Those ‘warranty void if removed’ stickers are illegal, says the FTC
No longer will you have to resign yourself to a life in which you refrain from pulling off stickers that read “warranty void if removed.” As it turns out, these stickers are not only ugly, but in fact deceptive and potentially illegal in the U.S., as per a series of warning letters the Federal Trade Commission (FTC) sent to six companies. These companies deal in a wide range of industries, the Commission noted, from selling automobiles to cellular devices to video gaming systems — but all say that “consumers must use specified parts or service providers to keep their warranties intact.” And this, the FTC says, is a no-no.
“Unless warrantors provide the parts or services for free or receive a waiver from the FTC, such statements generally are prohibited by the Magnuson-Moss Warranty Act, a law that governs consumer product warranties,” the Commission noted. “Similarly, such statements may be deceptive under the FTC Act.”
The Commission has now requested that all six companies take a closer look at their promotional and warranty materials and guarantee that they neither state nor imply that a warranty is only provided with the use of specific parts of services. Moreover, the watchdog group has encouraged companies to revise their practices in order to be legally compliant. If no revisions are made within 30 days, there may be legal action taken.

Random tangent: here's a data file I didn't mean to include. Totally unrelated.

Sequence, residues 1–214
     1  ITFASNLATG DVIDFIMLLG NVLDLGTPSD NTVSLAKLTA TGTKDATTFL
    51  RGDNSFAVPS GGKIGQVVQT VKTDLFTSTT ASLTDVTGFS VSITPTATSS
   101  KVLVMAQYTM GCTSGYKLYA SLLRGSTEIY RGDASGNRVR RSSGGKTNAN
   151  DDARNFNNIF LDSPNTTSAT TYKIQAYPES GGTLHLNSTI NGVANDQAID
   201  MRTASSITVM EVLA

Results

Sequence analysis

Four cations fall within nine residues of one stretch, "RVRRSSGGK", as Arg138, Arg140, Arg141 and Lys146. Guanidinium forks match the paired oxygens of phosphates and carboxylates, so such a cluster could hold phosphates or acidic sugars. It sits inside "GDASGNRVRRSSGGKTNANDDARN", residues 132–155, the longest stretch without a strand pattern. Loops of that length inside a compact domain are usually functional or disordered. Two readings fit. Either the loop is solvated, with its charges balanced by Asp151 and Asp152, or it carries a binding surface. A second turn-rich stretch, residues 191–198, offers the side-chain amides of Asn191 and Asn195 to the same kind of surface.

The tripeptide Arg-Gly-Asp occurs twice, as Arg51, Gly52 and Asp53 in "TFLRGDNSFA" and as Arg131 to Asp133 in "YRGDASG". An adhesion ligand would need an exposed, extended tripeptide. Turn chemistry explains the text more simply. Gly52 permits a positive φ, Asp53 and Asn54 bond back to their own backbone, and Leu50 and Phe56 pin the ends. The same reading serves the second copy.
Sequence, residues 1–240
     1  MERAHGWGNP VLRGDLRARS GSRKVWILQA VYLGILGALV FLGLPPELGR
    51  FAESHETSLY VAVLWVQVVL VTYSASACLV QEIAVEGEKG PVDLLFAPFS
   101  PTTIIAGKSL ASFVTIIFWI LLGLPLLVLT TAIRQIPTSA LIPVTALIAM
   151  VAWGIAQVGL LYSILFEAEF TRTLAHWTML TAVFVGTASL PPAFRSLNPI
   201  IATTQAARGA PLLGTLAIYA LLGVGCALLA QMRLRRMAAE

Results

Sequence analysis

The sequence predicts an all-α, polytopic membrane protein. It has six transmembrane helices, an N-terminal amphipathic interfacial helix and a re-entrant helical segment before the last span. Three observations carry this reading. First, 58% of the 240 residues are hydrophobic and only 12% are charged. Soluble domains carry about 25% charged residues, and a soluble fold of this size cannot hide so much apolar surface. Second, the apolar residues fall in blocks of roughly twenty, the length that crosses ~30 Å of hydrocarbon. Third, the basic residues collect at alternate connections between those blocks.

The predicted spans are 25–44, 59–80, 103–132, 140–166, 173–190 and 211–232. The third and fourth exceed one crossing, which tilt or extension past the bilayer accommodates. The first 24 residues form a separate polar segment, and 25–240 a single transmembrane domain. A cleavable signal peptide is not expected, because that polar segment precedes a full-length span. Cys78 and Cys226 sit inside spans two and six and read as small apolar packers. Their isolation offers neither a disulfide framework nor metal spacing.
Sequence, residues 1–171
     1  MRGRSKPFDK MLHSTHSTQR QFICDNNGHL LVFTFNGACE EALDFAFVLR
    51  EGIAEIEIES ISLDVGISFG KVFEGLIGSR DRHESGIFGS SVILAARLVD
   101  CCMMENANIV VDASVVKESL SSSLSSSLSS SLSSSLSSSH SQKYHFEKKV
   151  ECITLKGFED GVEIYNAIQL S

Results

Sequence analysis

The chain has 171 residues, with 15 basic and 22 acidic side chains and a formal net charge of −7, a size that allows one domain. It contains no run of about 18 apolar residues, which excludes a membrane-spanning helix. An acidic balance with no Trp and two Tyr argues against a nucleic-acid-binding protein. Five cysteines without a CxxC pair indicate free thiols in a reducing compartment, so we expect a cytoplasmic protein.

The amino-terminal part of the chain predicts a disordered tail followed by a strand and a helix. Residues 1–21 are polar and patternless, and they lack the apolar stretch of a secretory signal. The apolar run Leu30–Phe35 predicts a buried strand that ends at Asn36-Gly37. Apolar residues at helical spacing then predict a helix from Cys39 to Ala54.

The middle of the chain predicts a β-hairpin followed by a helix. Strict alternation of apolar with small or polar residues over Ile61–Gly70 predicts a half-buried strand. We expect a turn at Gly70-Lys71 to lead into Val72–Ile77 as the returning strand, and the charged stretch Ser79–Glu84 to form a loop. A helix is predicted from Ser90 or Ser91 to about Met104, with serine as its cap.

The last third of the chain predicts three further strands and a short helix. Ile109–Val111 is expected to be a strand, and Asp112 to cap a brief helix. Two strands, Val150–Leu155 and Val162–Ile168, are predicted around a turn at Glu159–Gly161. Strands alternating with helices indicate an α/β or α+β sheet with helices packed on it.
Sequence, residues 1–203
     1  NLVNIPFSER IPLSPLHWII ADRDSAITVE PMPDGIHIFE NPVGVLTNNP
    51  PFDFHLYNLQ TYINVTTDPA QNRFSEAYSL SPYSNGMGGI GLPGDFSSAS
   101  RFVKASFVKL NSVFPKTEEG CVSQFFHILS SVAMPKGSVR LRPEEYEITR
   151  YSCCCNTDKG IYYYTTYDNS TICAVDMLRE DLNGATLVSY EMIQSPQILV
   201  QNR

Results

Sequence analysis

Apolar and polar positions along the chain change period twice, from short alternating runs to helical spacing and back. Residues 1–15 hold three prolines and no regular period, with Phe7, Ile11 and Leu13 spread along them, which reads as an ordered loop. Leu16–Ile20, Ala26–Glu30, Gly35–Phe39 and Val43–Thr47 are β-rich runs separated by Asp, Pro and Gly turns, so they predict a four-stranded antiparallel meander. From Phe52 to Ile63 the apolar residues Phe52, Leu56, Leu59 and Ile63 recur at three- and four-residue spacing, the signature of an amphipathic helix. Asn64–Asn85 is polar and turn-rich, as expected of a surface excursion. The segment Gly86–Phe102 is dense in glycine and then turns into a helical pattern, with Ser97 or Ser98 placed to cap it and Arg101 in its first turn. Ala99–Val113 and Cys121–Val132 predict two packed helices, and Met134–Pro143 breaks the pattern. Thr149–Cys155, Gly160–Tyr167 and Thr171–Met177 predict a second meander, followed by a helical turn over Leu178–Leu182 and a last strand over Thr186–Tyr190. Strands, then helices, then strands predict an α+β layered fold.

“Provisions that tie warranty coverage to the use of particular products or services harm both consumers who pay more for them as well as the small businesses who offer competing products and services,” said Thomas B. Pahl, Acting Director of the FTC’s Bureau of Consumer Protection.
While the FTC has specifically called out six companies, you should bear in mind that this rule actually applies to any device that costs more than $15. While we’re not sure exactly which companies were targeted by the Commission, we do know that entities like Sony and Microsoft include warnings on the edges of their game consoles that claim that breaking the seal also breaks your right to claim a warranty. And now, we also know that such a practice is illegal.
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